Federal school law opposition grows in states
Growing state opposition to the federal No Child Left Behind requirements is hardly surprising given the array of people who object to the law's provisions for varying reasons.
Some object to the idea of teachers and students having to meet arbitrary standards in order to teach or graduate. There are also objections to requirements that students at schools that do not meet standards be allowed to transfer to other schools.
Others object to the federal intrusion into the education process and to the government mandates being inadequately funded, forcing additional expenses on the states to achieve the No Child Left Behind goals.
The latest state to join the rebellion against the law was Utah, which voted to reject any requirements of the law that it felt were not adequately funded by the federal government. About a dozen other states, including Arizona, have taken or are considering legislative action against the provisions of the law.
There is nothing wrong with education standards. In fact, schools and teachers do need to be held accountable. But the decisions on the standards cannot be arbitrarily imposed in a one-size-fits-all approach. Communities are different. They have different issues and concerns to deal with which may require their own approaches.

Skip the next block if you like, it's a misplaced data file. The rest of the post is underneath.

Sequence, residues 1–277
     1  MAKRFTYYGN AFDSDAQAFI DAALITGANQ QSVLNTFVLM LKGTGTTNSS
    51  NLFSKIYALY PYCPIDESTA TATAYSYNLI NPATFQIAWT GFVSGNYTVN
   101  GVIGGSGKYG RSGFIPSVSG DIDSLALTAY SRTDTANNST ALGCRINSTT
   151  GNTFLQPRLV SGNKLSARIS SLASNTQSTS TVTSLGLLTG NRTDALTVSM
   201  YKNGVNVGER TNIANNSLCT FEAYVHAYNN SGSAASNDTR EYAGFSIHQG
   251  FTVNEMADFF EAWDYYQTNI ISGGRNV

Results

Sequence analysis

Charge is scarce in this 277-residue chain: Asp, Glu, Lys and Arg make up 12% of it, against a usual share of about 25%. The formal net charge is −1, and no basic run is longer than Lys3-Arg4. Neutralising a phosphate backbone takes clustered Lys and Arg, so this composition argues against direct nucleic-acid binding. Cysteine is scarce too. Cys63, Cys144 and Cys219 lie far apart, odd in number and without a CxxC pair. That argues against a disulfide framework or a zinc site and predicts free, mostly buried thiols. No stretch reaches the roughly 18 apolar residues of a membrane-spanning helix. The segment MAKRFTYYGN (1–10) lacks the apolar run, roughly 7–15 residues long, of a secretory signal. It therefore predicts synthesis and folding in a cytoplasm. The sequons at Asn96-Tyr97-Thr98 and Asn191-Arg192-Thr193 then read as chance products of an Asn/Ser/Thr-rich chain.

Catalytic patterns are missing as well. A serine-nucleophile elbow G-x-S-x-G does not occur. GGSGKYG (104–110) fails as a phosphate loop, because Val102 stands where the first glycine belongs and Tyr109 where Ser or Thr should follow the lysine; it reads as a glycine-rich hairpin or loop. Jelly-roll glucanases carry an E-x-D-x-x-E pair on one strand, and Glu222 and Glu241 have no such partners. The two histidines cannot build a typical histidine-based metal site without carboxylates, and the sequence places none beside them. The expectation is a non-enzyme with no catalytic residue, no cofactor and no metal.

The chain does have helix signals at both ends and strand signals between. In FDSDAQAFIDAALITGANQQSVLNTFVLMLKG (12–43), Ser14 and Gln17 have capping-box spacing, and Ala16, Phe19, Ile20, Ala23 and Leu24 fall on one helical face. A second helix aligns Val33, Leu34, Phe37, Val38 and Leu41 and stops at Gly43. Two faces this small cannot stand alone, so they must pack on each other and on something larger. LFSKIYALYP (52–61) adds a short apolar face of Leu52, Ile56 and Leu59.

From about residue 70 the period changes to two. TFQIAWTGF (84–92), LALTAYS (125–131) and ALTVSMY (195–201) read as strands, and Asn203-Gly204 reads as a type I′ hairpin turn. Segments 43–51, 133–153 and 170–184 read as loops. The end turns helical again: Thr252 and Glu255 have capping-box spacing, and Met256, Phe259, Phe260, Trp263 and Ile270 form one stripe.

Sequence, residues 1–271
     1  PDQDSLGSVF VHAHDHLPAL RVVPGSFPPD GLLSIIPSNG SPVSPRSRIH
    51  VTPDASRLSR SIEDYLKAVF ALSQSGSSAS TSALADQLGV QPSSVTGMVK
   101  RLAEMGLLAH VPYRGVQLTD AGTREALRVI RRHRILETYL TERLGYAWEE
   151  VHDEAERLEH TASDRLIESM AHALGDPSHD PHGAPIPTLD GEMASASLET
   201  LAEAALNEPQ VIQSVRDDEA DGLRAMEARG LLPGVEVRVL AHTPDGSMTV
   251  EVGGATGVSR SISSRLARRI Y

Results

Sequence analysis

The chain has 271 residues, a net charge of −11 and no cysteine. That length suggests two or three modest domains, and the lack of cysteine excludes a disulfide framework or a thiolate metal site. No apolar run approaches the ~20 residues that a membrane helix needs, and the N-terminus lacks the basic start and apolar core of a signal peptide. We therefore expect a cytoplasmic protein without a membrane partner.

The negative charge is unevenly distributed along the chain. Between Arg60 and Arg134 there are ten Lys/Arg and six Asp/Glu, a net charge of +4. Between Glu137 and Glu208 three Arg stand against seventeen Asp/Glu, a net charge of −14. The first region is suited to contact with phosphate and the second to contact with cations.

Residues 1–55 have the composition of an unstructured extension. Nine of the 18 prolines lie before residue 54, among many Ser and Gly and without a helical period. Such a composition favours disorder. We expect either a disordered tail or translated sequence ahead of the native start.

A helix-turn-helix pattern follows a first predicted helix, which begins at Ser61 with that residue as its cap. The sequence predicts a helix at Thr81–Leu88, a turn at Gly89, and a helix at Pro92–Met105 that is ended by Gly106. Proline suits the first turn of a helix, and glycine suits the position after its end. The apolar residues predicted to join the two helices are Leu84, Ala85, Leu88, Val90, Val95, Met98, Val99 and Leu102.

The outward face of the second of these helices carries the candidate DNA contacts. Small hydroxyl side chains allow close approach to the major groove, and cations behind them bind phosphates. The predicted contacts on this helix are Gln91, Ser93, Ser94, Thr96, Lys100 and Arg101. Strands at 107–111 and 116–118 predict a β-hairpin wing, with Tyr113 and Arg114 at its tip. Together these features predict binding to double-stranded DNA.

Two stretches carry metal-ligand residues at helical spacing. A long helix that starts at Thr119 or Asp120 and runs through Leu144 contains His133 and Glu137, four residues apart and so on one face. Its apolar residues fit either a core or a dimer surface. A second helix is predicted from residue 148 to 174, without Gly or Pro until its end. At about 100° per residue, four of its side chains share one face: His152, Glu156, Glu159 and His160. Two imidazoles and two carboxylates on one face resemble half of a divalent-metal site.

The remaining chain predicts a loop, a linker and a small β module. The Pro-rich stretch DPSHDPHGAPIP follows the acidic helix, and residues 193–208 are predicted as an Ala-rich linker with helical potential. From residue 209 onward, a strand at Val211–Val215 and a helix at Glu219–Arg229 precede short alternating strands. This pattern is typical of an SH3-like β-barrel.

Arbitrary federal requirements provide little or no leeway for such differences. Utah officials, for example, pointed out that the state has difficulty getting teachers of any kind for rural areas, let alone ones that have specialized training in their core teaching areas as required by No Child Left Behind.
Whether the federal government is adequately funding its requirements under the act, as it claims, we do not know. But we do know that federal money always comes with strings and it is therefore seldom a good idea.
We hope the rebellion will spread and bring a reversal of this ill-advised act which attempts to impose the federal will on the education process. This is contrary to the long practice that schools are a state and local responsibility - preferably the more local the better.